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Peach and Oat Crumble Pie

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Chocolate Brownie Cake


Owned by Juanny Romero and Joshua Walter of Sunrise Coffee fame, with organic fair-trade beans roasted on premises and the sort of baked goods that reference the quality of spots from Brooklyn to PDX, Mothership Coffee Roasters represents a paradigm shift in the ‘Las Vegas’ java landscape…even if the Green Valley Parkway address is in fact located in Henderson, the results already justifying the praise and even a trip from the far reaches of the valley’s more fanciful Northwest ‘burbs.

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Already making a name for themselves since 2008 with a seasonal lineup of espresso shots and brews served at Sunrise while their beans also form the base of cups served at restaurants including Natalie Young’s eat. downtown, it would seem fair to say that Romero and Walter have succeeded where several others have failed in trying to make Las Vegas an independent sort of coffee town and with the new shop offering a full view of roasters as well as the kitchen the experience itself is perhaps even more ‘craft’ than that at Four Barrel, Stumptown, or La Colombe – all of which outsource their pastry to local bakeries with far less creativity despite beans that are equally well sourced.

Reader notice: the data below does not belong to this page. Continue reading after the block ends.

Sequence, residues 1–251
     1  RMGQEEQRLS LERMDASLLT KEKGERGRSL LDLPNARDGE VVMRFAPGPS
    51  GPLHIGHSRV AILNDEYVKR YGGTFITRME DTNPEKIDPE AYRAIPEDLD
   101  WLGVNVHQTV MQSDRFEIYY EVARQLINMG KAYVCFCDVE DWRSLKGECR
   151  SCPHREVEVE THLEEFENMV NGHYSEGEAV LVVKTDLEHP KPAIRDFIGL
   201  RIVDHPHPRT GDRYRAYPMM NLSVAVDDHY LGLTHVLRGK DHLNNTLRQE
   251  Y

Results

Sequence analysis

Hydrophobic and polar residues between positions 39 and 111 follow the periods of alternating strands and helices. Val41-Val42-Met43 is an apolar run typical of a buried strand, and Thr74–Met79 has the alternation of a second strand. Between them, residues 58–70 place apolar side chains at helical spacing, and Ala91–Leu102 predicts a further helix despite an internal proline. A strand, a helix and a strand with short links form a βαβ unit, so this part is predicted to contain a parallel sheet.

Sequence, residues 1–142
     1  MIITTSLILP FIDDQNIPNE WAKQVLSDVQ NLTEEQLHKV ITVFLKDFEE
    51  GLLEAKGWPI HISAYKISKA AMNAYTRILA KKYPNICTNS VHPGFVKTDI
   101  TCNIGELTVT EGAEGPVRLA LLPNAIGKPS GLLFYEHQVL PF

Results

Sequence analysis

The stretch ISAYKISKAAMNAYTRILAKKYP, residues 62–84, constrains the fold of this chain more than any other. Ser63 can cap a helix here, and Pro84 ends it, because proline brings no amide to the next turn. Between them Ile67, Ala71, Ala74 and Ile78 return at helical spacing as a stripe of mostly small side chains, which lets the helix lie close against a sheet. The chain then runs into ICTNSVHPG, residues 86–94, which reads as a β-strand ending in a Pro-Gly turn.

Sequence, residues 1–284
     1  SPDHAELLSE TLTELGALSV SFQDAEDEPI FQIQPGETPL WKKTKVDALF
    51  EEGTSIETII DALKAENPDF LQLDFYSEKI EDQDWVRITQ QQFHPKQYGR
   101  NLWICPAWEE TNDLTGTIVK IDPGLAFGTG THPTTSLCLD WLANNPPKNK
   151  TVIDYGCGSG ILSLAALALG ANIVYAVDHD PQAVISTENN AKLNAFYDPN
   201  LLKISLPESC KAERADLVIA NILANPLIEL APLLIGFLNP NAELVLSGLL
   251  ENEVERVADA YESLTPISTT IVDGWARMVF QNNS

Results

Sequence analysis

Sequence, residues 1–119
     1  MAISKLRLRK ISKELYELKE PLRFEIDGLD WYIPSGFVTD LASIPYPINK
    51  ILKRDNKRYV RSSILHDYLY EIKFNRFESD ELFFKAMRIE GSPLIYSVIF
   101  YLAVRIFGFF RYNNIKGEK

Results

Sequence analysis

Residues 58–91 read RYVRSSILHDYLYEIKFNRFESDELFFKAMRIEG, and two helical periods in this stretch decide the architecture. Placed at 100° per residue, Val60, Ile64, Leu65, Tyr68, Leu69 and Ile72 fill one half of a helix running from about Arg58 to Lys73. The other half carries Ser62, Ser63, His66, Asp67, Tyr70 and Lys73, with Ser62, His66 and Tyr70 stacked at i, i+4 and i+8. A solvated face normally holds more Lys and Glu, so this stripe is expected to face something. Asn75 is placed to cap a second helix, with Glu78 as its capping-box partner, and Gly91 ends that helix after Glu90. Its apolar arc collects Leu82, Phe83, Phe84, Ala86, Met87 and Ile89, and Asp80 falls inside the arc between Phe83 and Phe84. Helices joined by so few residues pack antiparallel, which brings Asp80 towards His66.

Small in size, but cozy in décor with baristas that know more than a thing or two about not only pulling shots but the diversity of products on the shelves, a visit to Mothership no doubt begins with the coffee and offering several basics plus a locally sourced chocolate mocha those interested in something truly unique are encouraged to order up a nitro-infused cold brew, the market-price item based on whatever is best from the single origin selections without only the slightest acidity and mouthfeel bolstered by light carbonation, each 10oz cup pulled from a tap complete with a creamy head.


Speaking next to pastries, and definitely the sort of goods that are likely to garner conversation in a city long lacking for any sort of artisan movement, Mothership features the work of not one but two young chefs, and with one woman working on reinterpreted classics while the other focuses on Vegan and gluten free items the selections run the gamut from sweet to savory with nearly every item tasted nothing short of impressive – even a snappy gluten free Oatmeal Cranberry Cookie proving quite boldly flavored despite the intrinsic limitations of its ingredients rendering it a touch dry.